Five Things Boko Haram Has Taught Us

1) Boko Haram is here to stay. Those who keep asking why the army is not able to "finish off" Boko Haram overnight do not understand that terrorism is a decades long problem. This is real life, not a Rambo or Chuck Norris film. Look at the history of other violent militia around the world and you will discover that it takes a very long time to pacify them. From the IRA, ETA, PKK, LRA, to the Tamil Tigers. Even the might of the United States and Israeli armies have not been able to eliminate Al-Qaeda, Hamas,or Islamic Jihad. We are goingto have to deal with exploding markets and exploding cars for quite some time.

2) Southerners - stop kidding yourselves that Boko Haram is an anti-southern movement. Boko Haram has killed far more northerners and Muslims than southerners. So far Boko Haram has not attacked Lagos, Ibadan, Benin, Enugu, or Port Harcourt. Not because it cannot; but because it does not want to. If anyone should be terrified by Boko Haram it is northerners, not southerners. Specifically - the northern ELITE. When gunmen are trying drive by shootings on an esteemed symbol of northern traditional authority like the Emir of Kano, you know there is something seriously wrong in the north.

3) The government should be worried. For the first time in a long time Nigerians are speaking with one voice and holding their government accountable. Nigerians have taken out their bitterness at the impunity of Boko Haram attacks on the government. The sympathy engendered by the specter of young schoolgirls being kidnapped and taken to a forest hideout by armed religious extremists, and the government's failure to bring the girls back, has created an emotional wave of soul searching and finger pointing at the government. Nigerians have emotionally "adopted" the faceless and nameless schoolgirls and their plight as their own. This led to spontaneous mass action campaigns such as the march in Abuja, marches by Nigerians in Diaspora to Nigeria's foreign embassies, and the #BringBackOurGirls campaigns on social media.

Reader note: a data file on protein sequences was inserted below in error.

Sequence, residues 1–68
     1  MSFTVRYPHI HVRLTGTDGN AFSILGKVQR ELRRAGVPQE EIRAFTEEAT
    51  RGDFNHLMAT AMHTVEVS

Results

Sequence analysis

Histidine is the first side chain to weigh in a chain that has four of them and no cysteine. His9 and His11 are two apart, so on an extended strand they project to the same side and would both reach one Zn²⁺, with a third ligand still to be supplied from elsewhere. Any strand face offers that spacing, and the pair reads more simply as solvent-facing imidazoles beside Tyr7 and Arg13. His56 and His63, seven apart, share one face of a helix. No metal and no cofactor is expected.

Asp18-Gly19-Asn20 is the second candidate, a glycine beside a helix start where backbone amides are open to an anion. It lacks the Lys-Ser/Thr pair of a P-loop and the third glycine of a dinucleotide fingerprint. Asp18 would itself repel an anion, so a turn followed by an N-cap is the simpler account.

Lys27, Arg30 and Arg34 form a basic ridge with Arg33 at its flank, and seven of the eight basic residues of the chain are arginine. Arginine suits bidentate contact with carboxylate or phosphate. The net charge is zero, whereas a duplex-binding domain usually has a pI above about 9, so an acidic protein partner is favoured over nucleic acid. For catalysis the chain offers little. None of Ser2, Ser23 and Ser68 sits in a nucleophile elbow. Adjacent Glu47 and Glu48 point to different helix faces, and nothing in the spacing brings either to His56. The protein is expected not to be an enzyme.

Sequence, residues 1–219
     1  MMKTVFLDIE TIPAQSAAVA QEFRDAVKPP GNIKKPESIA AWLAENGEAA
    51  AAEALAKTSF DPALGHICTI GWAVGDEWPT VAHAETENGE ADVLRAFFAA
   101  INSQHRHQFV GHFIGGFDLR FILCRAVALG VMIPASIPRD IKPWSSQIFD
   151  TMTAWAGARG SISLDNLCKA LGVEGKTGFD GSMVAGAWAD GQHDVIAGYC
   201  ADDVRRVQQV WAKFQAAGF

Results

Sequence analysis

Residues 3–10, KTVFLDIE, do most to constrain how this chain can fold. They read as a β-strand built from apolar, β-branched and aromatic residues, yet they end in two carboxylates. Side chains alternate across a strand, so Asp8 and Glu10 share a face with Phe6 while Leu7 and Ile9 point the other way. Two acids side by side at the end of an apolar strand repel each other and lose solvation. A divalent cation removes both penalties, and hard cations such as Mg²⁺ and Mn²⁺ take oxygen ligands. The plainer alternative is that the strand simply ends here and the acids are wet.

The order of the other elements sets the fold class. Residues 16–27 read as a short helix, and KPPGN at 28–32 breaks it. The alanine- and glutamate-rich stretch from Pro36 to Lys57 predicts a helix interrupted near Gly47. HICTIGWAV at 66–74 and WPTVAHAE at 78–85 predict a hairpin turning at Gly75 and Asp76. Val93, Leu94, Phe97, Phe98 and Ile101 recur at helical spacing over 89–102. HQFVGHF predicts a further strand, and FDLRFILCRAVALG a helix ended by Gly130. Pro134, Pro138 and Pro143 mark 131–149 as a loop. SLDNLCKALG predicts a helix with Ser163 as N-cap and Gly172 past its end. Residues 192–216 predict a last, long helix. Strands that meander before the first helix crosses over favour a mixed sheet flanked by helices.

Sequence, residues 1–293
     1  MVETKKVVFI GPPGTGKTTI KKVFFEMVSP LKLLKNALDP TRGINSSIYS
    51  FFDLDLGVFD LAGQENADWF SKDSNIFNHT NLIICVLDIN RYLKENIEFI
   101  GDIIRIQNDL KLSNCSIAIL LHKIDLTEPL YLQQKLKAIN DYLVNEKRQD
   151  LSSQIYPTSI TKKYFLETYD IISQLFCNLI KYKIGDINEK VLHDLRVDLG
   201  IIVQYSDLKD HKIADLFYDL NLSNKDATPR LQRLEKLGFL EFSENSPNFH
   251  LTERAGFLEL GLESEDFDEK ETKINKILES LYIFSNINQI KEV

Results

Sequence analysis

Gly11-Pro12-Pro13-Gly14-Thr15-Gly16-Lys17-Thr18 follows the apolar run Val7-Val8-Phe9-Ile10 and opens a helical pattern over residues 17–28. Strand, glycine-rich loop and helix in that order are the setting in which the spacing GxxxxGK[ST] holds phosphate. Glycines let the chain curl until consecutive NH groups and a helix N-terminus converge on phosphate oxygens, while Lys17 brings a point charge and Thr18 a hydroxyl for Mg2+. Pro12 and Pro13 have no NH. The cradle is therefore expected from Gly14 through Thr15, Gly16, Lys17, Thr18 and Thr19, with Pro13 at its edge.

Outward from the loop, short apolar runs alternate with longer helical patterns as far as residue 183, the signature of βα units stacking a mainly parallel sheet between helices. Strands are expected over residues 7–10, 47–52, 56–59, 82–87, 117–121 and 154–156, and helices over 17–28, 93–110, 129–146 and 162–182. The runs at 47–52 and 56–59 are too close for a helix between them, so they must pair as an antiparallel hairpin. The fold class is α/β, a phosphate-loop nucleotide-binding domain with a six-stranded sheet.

4) Nigeria's security sector requires reform. Boko Haram are fighters, not an "army" with uniforms, an identifiable battle doctrine or modus operandi of combat. The Nigerian army is trained to fight other armies. The army has to make a doctrinal shift and prepare to do battle with irregular armed militia. Army cadets at the Nigerian Defence Academy receive counter terrorism and counter-insurgency training in their final year. The training takes place at the Center for Counter Insurgency at the Nigeria Army School of Infantry in Jaji. Over 900 soldiers completed the course at the center earlier this year. This is a good start. However the army's combat doctrine needs to be re-oriented even further in the direction of counter-insurgency. This can be done by creating autonomous special forces or paramilitary units for internal security. At some stage Nigeria may need an entire counter-insurgency trained army division.

5) For those of you southerners who keep dreaming of getting the "parasitic north" out of Nigeria, Boko Haram may be carrying out your fantasies for you. Boko Haram has done a fantastic job of alienating the north from the south, and of making southerners even more convinced that they do not want anything to do with the north. Strangely southerners have been more outspoken about a northern based insurgency than northerners who live in the affected areas. Perhaps many northerners have been silent for reasons of self preservation.

Max Siollun